Death

Lughnasa                                         Waxing Back to School Moon

The thing about death is, it is forever, unlike life.  Once entered there is no return.  It is that one way disappearance that creates the chaos of grief, the sense, the realization that something has been done that cannot be undone.  There is no longer any action to take, no remedy to try, no act of contrition that will change things.  There is here, the living, and there, the dead.

Death comes to humans, dogs, mice, birds, lizards, fish, death comes.  We living things are alike in facing the cessation of our agency, the end of all the striving.

Life has death as its forever dance partner, the danse macabre.  It is a dance like those marathons from the 30’s where the dancers slump along near the end, barely holding each other up as the sun rises and the music slows.  The dance hall begins to take on its daytime character, the cracks in the ceiling come out, the floor has not been mopped, the romance of the contest and the hall slip away and we are left with the one partner who will never let us go.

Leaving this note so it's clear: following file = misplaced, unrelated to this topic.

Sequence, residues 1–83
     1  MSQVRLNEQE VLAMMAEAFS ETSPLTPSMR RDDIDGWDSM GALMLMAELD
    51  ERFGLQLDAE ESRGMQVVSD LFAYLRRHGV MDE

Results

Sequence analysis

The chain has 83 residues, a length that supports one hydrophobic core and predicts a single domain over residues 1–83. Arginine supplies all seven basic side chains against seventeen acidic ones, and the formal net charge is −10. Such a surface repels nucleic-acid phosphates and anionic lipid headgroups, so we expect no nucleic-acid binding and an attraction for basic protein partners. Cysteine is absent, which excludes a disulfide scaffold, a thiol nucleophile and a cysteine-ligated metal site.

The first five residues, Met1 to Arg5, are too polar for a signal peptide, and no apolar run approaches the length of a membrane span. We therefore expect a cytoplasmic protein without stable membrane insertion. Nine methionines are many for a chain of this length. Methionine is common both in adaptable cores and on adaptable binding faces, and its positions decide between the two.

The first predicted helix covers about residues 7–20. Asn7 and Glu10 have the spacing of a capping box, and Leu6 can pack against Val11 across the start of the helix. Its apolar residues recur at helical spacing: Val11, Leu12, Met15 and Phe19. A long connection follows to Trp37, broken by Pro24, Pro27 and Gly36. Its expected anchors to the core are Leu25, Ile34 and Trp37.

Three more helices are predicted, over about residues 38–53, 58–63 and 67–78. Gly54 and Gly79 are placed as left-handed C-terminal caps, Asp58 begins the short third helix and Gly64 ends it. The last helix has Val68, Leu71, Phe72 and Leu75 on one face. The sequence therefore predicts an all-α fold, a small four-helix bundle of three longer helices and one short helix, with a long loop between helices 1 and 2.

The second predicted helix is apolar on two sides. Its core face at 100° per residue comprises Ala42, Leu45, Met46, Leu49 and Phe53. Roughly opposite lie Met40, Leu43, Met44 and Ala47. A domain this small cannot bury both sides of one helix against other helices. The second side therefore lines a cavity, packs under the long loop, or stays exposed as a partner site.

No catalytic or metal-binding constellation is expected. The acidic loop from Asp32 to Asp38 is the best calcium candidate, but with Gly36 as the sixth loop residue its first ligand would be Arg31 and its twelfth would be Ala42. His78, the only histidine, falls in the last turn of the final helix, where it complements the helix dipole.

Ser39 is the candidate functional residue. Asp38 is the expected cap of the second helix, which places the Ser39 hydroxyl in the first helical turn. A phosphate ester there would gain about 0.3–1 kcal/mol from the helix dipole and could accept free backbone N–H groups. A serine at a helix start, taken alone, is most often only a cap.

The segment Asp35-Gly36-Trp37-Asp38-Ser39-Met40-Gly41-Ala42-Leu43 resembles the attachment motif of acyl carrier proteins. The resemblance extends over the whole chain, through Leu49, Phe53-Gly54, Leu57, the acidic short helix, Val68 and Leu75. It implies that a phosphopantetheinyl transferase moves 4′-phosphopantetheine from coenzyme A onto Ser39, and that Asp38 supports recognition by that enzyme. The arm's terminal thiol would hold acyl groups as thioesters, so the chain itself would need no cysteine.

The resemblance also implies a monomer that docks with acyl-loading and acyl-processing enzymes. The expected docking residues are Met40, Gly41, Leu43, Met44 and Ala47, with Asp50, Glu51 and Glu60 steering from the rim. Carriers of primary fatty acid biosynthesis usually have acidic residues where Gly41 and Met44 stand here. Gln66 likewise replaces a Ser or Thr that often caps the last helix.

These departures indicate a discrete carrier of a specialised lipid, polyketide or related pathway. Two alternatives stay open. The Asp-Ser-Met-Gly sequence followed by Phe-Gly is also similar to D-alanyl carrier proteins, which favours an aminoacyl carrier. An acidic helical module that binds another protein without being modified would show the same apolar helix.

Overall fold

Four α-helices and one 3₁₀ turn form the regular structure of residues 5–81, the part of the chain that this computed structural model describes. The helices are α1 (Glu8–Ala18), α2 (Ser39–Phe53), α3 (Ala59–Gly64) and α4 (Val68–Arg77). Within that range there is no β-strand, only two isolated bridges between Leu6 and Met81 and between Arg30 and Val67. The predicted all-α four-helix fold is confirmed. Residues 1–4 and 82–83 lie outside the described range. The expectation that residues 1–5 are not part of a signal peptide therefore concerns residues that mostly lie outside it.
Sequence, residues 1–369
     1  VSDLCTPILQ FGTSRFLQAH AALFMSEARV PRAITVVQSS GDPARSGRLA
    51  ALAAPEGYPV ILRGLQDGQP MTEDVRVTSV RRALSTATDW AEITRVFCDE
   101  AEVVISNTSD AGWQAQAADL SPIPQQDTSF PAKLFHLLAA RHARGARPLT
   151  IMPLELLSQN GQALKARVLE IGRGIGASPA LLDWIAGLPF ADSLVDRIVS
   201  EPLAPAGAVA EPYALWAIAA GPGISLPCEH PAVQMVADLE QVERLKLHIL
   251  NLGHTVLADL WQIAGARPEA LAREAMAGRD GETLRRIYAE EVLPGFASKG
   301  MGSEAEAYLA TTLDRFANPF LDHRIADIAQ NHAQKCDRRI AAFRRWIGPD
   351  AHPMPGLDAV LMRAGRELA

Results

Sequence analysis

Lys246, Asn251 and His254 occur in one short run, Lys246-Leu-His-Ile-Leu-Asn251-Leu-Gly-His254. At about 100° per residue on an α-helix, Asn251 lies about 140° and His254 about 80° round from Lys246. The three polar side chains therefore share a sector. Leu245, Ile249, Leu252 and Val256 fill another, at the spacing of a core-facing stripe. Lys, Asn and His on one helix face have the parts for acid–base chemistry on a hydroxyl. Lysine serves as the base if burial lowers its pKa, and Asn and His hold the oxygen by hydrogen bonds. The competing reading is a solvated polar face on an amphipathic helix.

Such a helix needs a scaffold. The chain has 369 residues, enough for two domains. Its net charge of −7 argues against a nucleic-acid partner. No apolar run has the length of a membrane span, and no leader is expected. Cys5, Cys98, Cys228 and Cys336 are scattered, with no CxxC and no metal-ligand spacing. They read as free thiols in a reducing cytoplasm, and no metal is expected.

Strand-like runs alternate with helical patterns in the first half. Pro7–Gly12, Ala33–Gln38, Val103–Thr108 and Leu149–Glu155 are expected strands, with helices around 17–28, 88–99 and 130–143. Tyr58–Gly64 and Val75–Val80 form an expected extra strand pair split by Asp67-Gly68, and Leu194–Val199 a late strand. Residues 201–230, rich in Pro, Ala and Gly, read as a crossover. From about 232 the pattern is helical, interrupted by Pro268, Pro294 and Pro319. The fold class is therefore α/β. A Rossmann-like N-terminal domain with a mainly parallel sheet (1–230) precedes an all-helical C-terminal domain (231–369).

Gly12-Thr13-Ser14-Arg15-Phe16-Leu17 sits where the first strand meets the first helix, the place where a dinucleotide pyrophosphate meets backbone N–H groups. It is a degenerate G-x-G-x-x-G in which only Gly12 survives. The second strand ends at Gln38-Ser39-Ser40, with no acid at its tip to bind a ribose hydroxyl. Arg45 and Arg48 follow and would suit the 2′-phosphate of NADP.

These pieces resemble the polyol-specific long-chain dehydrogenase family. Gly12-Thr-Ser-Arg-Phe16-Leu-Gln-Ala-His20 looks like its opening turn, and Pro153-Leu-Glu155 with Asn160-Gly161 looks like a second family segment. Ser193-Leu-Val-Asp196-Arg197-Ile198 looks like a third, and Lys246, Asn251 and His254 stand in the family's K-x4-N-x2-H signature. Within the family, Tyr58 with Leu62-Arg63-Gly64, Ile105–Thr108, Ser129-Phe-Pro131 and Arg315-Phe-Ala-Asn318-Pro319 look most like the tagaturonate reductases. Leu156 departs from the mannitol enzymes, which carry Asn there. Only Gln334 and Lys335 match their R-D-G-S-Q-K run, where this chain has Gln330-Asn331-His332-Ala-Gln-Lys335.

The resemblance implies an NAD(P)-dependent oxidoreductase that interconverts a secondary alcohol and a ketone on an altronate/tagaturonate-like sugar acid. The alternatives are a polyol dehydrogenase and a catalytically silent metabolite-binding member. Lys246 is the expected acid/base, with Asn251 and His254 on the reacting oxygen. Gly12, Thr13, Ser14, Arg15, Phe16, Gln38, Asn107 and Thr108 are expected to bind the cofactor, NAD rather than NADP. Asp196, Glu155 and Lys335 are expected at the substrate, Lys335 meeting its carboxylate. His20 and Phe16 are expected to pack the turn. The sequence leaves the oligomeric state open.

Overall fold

Death is not life, whatever else it may be.

Tibetan Buddhist thought has a wonderful, I would even say exemplary, way of approaching death.  The photograph here, a partial of a Yamantaka statue, illustrates it iconographically. “Yamāntaka is a Sanskrit name that can be broken down into two primary elements: Yama, the name of the god of death; and antaka, or “terminator”. Thus, Yamāntaka’s name literally means “the terminator of death”.”  This statue shows Yama in cosmic embrace with his consort, thus wisdom and compassion become one.

Meditating on Yamantaka, so I was told by a Tibetan Buddhist, involves imagining your own death in as real a fashion as possible.  The intent of the meditation is to eliminate the fear of death, either in the body or in what Buddhists call the subtle body.  When we achieve an acceptance of our own death, we become free.  This is, if I understand the Buddhist thought correctly, also a path to enlightenment.

Of course, a Buddhist would see this in the context of Buddhist doctrine, with which I am not familiar, but I have embraced this image and this understanding as an important part of my own spiritual journey.

This entry was posted in Asia, Commentary on Religion, Faith and Spirituality, Humanities and tagged , . Bookmark the permalink.

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